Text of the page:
Soon after Goldie went the way of all Labs—back legs—Pete just happened to notice a story in the local paper about a black Lab puppy, the only survivor in a fatal car accident, a terrible tragedy in which all five members of the same family had died in a crash on the motorway, along with the recently-married couple in the other vehicle. The dog had been hurt in the crash, a nasty gash on its underside, but it had healed until Wincey had started to bother it recently.
It was supposed to be a good thing, to take in the dog and give it to his old Mum, who had no one but him now that Goldie was chasing squirrels in the sky (sort of: Pete had never actually seen any of Mum’s black Labs chase after anything that wasn’t already in a bowl).
That Mum had called the new dog Wincey after some barefoot madwoman who used to do the keep fit or the weather on breakfast TV yonks ago, that no one could remember now and who was probably dead, this may well have been the start of it, the first sign that something was wrong with Mum’s memory.
Rain rumbled on the roof of the van like the approach of hoof beats in a western. The traffic had slowed to crawl. Snarl-up ahead at the T-junction by the Lidl. Pete looked back over his shoulder at Wincey. The rim of the cone was a pale halo around the dog’s otherwise withdrawn and invisible head, no muzzle glistened, no eyes shone.
‘What on earth did you do to yourself, Wincey old girl, eh?’
As they waited on Mum’s step, unrelenting rain skittered on the cone and splatted the back of Pete’s head. Mum either didn’t hear the doorbell, or she wouldn’t come to the door for whatever reason, so eventually Pete used his own key and let himself in. He shouted a ‘hello’ three times into the grey hall. Day-by-day the house became dustier and dirtier. The sight of it always made him want to get down on his knees and scrub and polish every surface until it looked like it used to look in here. He’d paid for a cleaner, two cleaners, in fact, first Lena and then Zofia, but neither lasted long after Mum confused them with women she’d had a barney with in 1952 or 1968 or in whatever time period she was visiting that day.
She wasn’t in the hallway. Wincey was panting like she’d just had an energetic run around the park instead of sitting still as a slab in the back of the van. Picturing the swollen bump on her stomach the bald patch, the matted hair, the raw redness of it made Pete feel nauseous. He blinked. Mum was standing there now, in her white nightdress and carpet slippers, as if she had been there all along. Wincey squeezed against Pete’s thigh, leaving a cold wet smudge. Flab wriggled and writhed as Wincey shivered raindrops from her back and waddled over to Mum. If it had not always been so, it was now the truth that these two were made for each other. Neither behaved in any way you could expect or predict.
‘Good girl, good girl, Wincey,’ said Mum. ‘‘‘Ave you had your din-dins, eh? ‘Ave you had your din-dins? Come and get your din-dins. C’mon. And you, don’t just stand there making the place look miserable, Arthur.’
He couldn’t remember when this had stopped hurting quite so much, when she talked at him like this, as if he were his own dead father, as if he was married but married to her. Some nights he would lie awake with all the implications of this fizzing in his head until he wished for the alarm, so he could go downstairs to the butchery and lose himself in the cutting and boning and grinding fresh meat. At least with the old man it was sudden. One morning Arthur Truelove had collapsed in the meat locker and never surfaced. Pete hadn’t had to grieve him before he passed.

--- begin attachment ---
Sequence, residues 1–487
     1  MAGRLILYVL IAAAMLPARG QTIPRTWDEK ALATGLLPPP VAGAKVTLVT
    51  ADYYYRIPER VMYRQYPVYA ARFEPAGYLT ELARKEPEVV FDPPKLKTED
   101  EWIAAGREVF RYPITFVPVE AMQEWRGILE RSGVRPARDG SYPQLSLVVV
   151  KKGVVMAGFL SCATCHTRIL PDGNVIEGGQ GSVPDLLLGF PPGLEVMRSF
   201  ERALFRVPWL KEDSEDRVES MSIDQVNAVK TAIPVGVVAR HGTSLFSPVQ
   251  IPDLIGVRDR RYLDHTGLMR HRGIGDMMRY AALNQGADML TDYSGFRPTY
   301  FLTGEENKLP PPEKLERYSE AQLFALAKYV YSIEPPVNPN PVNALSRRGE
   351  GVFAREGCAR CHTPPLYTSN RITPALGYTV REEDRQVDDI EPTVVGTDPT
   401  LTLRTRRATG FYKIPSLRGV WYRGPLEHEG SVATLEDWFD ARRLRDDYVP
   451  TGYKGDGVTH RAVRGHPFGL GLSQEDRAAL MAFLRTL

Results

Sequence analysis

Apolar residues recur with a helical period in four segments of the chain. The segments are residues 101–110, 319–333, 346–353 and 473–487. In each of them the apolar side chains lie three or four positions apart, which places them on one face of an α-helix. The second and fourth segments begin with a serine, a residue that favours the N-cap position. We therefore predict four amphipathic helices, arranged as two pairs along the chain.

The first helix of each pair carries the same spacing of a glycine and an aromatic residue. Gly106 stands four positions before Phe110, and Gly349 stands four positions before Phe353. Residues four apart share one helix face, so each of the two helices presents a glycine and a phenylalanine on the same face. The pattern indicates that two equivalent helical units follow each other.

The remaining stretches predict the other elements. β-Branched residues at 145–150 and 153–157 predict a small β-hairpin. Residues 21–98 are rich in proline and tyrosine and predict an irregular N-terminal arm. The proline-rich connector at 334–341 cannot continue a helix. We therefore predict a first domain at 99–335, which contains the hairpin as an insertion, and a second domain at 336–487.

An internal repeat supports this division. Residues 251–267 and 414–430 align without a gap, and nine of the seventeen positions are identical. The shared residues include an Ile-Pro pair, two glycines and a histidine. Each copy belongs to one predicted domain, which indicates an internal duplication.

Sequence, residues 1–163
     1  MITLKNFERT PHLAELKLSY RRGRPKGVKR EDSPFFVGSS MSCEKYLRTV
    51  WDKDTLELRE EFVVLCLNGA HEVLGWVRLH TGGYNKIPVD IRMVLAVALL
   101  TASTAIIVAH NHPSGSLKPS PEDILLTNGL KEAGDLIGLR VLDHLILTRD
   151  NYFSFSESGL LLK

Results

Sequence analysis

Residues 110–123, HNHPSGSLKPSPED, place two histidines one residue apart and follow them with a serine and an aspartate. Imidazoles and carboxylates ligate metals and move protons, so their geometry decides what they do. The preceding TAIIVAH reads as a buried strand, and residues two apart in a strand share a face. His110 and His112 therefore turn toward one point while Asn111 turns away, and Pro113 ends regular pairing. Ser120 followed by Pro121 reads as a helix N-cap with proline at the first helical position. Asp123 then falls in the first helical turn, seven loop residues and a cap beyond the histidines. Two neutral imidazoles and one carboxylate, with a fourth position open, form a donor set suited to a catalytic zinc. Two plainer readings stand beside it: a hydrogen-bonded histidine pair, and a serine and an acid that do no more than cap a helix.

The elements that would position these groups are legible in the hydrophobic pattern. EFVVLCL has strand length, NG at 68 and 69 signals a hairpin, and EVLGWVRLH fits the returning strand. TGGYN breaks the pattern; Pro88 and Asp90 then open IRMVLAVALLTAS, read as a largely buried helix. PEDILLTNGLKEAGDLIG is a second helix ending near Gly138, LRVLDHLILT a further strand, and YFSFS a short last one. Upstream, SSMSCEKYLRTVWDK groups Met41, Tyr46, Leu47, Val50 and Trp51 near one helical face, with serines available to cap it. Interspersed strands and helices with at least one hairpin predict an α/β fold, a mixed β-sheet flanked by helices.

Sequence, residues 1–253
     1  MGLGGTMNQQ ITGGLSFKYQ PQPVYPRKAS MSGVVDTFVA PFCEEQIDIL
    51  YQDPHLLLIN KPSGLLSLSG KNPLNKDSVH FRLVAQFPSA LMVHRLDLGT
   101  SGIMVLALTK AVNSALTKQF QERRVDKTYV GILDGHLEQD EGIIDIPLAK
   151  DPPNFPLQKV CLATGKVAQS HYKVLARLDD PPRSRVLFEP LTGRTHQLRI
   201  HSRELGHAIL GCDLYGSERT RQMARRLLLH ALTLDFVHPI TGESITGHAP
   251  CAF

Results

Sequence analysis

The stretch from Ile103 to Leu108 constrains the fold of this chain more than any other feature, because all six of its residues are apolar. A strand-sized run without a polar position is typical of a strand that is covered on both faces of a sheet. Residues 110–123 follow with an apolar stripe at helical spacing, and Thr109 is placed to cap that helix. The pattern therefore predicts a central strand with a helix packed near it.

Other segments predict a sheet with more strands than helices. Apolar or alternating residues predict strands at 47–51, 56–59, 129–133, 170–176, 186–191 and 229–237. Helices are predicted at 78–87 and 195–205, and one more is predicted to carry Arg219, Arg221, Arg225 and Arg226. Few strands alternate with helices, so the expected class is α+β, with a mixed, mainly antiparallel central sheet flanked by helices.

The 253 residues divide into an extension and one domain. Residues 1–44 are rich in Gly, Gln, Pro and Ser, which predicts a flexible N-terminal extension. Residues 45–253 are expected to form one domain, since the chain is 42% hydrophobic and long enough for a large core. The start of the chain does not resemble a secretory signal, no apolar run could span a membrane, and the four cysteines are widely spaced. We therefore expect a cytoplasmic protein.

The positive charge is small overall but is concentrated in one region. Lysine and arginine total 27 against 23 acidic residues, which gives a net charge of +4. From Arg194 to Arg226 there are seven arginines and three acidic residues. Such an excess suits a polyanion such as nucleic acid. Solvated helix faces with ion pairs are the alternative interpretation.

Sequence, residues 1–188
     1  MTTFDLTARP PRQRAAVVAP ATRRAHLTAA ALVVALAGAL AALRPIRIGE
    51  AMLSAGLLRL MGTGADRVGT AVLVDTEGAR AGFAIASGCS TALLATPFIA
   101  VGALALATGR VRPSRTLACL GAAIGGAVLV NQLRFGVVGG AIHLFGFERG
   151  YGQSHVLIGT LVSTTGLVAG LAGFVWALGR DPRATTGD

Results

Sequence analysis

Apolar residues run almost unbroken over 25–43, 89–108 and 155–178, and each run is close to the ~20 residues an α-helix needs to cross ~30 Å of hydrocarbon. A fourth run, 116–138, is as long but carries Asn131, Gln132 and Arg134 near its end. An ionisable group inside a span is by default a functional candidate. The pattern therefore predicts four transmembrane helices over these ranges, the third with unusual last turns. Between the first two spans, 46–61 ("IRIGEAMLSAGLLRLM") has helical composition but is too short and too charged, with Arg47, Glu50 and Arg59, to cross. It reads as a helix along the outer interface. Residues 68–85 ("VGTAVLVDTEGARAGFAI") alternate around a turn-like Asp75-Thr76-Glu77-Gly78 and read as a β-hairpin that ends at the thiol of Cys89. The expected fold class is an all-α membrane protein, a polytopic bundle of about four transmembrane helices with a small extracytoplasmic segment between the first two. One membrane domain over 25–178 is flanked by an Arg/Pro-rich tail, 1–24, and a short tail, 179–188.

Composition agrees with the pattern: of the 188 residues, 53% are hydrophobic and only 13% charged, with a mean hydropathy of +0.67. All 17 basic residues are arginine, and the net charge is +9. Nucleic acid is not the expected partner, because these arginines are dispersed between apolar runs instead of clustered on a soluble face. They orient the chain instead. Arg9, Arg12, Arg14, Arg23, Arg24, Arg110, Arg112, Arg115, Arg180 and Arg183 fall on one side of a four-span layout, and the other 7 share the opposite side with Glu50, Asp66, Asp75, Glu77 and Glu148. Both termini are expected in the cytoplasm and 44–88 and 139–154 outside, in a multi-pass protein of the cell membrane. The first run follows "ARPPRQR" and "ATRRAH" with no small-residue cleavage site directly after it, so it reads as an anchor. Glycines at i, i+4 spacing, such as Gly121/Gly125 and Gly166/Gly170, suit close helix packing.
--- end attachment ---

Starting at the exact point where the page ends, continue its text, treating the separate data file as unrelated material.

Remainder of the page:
In Mum’s kitchen, you wouldn’t believe that Pete had done all the washing up and wiped everything down during his first nip round last night, given it was barely past one in the afternoon and how many pots and pans and cups and plates had been used and swam with grease or gravy. If there was one thing Pete ‘The Meat’ Truelove knew how to do it was keep an area used for the preparation or storage of food spotlessly clean. Last night this here would have passed an Environmental Health inspection.
Of course, Mum could still remember where the dogfood was kept. She pulled back the lid of a tin of Chappie and plopped the lot into the dog’s bowl.
‘Mum, we’ve had this out. One tin a day. Three servings from a tin. She’s had a tin already today. I saw you feed her this morning.’
He’d been saying this for months. He’d said it twice last night, once before he’d blitzed the kitchen and once after he’d had to come around in the middle of the night. Mum had rung in a state of screaming panic: Wincey had escaped (oh yes, she remembered Wincey’s name, she remembered Pete’s mobile number).
The dog’s snout nudged the bowl. A sad feeling heavied the pit of Pete’s stomach. Something was coming. He’d seen it in Wincey’s eyes. Last night at 4 am. In Mum’s garden. Looking for that black dog in the black night and the shitty mist and drizzle and his torch catching its eye-shine in the corner by the far wall. Some expression in Wincey’s eyes, like she knew what was coming for her.
It was only when Pete had somehow managed to drag Wincey by the collar back into the kitchen that he’d noticed that swelling on Wincey’s gut.
A matter of days. Then there would be the whole business of her wanting another dog, another faithful companion, another black Lab that all the time she’d forget she’d fed already and stuff with Chappie and lord knows what else until it burst. He had seen her feed the dog her own dinner. He’d seen the dog eat a whole pack of bourbon creams and a lump of cheddar cheese the size of a weightlifter’s fist. That nice bit of brisket he’d brought over once, that went in the dog. A plate of pulled pork: Dog. Lamb shank: Dog. He ought to say something. He ought to prepare her. He ought to tell her what the vet had told him. He didn’t know where to start.